Commentary: City Needs to Enforce Current Ordinances Not Make New Ones

citycatToday has been one of those days where I have several good ideas for a column, but no great ideas for a column.  For example we have now had two horrific killings of police officers one of course down the road in Oakland and the other in Pittsburgh.  There is not a great local angle on that fortunately, but it is pretty tragic, especially I guess some of the political biproduct that has crept into the latter incident.

There is some interesting legislation that finally looks at tackling runaway state salaries.  Assemblymember Anthony Portantino has introduced legislation that looks to freeze salaries, benefits, overtime, and compensation for those who make over $150,000.  One group not directly addressed in this are UC Employees.  The numbers are staggering at the top end.  Well publicized is President Mark Yudof getting an annual salary last year of over $800,000.

UPTE cites this particular statistic:

“A 20% pay cut to UC’s 400 top executives would save $24.4 million, and would help the university do two critical things.”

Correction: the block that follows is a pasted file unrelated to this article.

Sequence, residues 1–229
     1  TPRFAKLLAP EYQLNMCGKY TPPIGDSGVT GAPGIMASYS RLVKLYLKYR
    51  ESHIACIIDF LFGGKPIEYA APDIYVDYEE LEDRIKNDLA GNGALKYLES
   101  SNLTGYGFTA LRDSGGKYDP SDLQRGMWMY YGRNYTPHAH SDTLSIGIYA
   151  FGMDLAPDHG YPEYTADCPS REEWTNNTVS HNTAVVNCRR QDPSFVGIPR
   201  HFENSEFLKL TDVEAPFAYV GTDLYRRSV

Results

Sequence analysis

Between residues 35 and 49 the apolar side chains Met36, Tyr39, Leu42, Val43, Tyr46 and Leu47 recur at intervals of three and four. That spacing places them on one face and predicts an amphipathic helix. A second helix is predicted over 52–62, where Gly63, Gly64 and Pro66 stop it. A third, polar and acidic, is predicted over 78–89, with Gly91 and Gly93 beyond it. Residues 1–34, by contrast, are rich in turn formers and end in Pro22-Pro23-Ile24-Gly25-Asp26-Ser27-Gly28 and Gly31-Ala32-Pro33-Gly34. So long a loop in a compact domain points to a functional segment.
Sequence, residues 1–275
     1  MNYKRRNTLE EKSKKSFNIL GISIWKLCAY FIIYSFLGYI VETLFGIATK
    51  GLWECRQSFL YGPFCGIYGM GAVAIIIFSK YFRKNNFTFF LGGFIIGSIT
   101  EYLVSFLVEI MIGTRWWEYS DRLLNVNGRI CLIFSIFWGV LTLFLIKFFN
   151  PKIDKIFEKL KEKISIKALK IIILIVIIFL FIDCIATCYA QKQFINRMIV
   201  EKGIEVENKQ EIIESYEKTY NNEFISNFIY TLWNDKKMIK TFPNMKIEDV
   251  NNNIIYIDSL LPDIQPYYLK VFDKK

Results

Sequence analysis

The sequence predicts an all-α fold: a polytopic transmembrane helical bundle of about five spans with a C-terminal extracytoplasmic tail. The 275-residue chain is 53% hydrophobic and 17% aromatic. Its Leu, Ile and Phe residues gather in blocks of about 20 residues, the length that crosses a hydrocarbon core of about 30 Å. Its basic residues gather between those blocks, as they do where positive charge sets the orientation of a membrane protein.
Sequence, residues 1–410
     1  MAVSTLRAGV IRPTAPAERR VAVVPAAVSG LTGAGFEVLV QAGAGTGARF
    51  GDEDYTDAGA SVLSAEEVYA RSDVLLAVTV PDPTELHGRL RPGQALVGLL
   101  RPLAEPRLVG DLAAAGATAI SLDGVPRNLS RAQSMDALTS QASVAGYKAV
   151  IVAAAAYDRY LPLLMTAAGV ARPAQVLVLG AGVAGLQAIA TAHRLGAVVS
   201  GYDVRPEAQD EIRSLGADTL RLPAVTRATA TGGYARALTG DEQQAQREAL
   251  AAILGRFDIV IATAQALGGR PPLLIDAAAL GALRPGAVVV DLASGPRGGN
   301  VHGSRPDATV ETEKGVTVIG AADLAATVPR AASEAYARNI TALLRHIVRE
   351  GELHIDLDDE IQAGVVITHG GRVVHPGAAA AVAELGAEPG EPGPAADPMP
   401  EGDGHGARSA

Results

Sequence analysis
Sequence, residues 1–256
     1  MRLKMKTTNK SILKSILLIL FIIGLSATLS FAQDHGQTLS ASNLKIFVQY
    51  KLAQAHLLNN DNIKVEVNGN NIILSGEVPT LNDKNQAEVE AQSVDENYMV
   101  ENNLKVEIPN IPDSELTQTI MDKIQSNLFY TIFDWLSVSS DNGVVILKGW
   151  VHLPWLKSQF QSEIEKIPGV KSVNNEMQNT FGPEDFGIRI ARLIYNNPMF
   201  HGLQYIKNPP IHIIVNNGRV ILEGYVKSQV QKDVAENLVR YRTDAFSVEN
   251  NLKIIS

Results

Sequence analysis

Do the math there and you realize that 400 top executives are getting over $120 million, that is nearly three times what the same number of city employees are getting.

The Davis Enterprise has a nice article on the city budget where they again look at issues like employee salaries, comparative wages to other cities, and contract negotiations.  All things we have covered this week already.  They also have an Op-ed today that talks about the school funding situation, a call for salary cuts, and the fact that the district is not going to use one-time money this time to prevent layoffs.  Again fairly similar to the op-ed we had yesterday.

While all of these seem interesting in some way, there is one topic we have touched on but not really gotten into in great detail.  It has to do with city ordinances.

It seems we have dealt with two specific ordinances quite a bit recently.  One is the noise ordinance which comes into play with the failure of the city to enforce it with regards to a day care center.  Now it seems that the Mayor Pro Tem is trying to carry the water for the owner of said day care center to get such noise exempted.